Firstly, it’s important to acknowledge that a franchise-changing figure like Manziel fell into Cleveland’s lap not once, or twice, but at three different points in the 1st round of the 2014 draft, and that by the greatest strokes of luck, this downtrodden Browns franchise managed to receive one more chance to reel Manziel in towards the latter stages of the round. Manziel’s draft stock fluctuated highly before he even entered his name in the draft,  but to think that the polarizing quarterback could drop so deep would be ludicrous. Cleveland was evidently not sold on Manziel as a top-pick draftee. But if the franchise agreed on selecting Manziel in the unlikely scenario of his availability in the 20’s-pick range of the draft, then the manifestation of this situation–coming after several quarterback-needy teams passed on the Aggie–seems as a result of pure good fortune, a term rarely associated with the Browns.

Then comes speculation of how, or whether, Johnny Manziel fits in the Browns organization. Considering that a litany of quarterbacks have entered Cleveland with promise and subsequently departed in disgrace, and that the franchise has failed to see the light of the postseason in 12 years, the arrival of a high-profile, spotlight-attracting, and flashy-personified player like Manziel simply electrifies not only the team, but the city as well. Yet the attention Manziel garnered during his time at College Station, and has already brought to Cleveland, is justified: the QB achieved a Heisman Trophy in his college tenure, and totaled 7,820 passing yards with 63 TD passes as well as 2,169 rushing yards with 30 TD runs, in addition to several spectacular performances on the biggest stages, all within two years of play. Thus, the aura of stardom Manziel carries with him is anything but a facade–even though off-the-field peculiarities cause the football world to raise a collective eyebrow.

Moving to the actual football field, and beyond the stimulative effect only his presence and name will have on the franchise, Manziel will undoubtedly have plenty of freedom to operate in the Browns offense, which really has no identity or specific scheme to speak of. A couple of months ago Cleveland hired Kyle Shanahan as the new offensive coordinator, his last coaching stop being with the Redskins that concluded with the firing of both him and his father, Mike Shanahan. While his offensive tactics appeared incompatible with a very similar dynamic, dual-threat quarterback to Johnny Football–Robert Griffin III–Shanahan has stated, even before the draft, that he felt confident about Manziel’s NFL prospects, and that his style will translate to the next level. Moreover, Shanahan said he enjoyed his pre-draft time with Manziel, and perhaps most important to allaying any doubt with respect to his rapport with the young QB, said that he is willing to be flexible with Manziel at the quarterback position.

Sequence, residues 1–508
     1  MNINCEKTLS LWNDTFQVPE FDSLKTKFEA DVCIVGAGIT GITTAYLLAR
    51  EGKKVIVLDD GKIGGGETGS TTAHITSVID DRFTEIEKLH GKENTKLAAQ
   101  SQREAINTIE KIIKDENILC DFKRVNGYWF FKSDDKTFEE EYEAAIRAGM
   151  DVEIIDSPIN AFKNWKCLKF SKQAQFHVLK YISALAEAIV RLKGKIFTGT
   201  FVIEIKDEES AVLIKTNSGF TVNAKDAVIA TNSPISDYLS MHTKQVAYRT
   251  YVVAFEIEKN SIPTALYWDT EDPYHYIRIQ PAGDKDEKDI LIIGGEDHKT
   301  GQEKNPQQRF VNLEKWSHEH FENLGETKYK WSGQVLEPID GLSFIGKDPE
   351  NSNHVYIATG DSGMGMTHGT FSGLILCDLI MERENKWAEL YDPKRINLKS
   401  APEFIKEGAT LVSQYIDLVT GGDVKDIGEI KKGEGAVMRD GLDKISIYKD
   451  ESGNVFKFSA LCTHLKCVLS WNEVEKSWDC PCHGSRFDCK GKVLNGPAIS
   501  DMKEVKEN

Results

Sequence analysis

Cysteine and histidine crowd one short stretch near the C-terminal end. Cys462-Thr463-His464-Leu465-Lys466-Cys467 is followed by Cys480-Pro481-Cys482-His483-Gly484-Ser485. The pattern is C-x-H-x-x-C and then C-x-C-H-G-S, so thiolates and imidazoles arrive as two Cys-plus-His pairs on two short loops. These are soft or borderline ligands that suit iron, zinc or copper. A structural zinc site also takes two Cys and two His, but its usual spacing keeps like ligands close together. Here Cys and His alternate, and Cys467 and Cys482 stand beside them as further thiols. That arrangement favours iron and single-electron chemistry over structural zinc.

Another factor that could prove beneficial to Manziel in his time as a Brown is the proverbial “chip on his shoulder”. This characteristic of the QB has been made all to well-known to the football world, but in truth works to Manziel’s favor, and now even to a greater degree following his free fall to the 22nd slot. Manziel will of course direct his focus to solely bettering his own team, but surely the uncomfortable and distasteful experience he had amid his slide to the 22nd pick will stick with him throughout his NFL career; in what has become a matter of habit, Manziel will go out to prove his doubters wrong, and especially show the organizations that passed on him the horrendous mistake they made.

On top of all this, Manziel will work to revive his quarterbacking mystique at the next level with mindset of having a top-tier defense–further bolstered, ironically, by an 8th-pick Justin Gilbert selection Manziel surely believed was his rightful placement–fit to bail him out and grant him plentiful chances to succeed. Thus, Manziel can afford some mistakes in his first NFL year, and the backlash to any points of his mediocrity or disappointment will be minimized.

Nevertheless, Johnny Manziel received his first taste of the toils that come with the Browns territory shortly after being introduced to the franchise. Not only will Manziel enter a situation filled with new faces following a team overhaul, but he will likely take his first snap without the team’s best player in Josh Gordon, burdening Manziel with difficulty from the onset of his career. But if there’s anyone that can help shed the Browns’ history-filled record of misfortune and misery, and start to put a halt to this tradition of grief, Johnny Manziel has the looks and the feel of the hero Cleveland needs, and therefore, if all goes as planned, making his selection at the 22nd slot one of the best the team will have ever made.

Thunder/Clippers Series: The Intangible Aspect

Having split their regular season series 2-2, stocked with conference stars and playmakers, and each recovering from grueling seven-game series, the Thunder and Clippers commenced their 2nd round clash earlier this week with neither squad appearing as a clear-cut frontrunner. To amplify the unpredictable nature of this matchup, both teams experienced and found themselves caught within significant off-the-court situations which, thus far, have proved to generate positive effects during their respective playoff runs. So as if the series had not been fraught with uncertainty enough, the added presence of an intangible factor–usually a decisive edge for the one team that possesses it, but only now functioning for both teams–even further leaves the fate of this series as a tossup.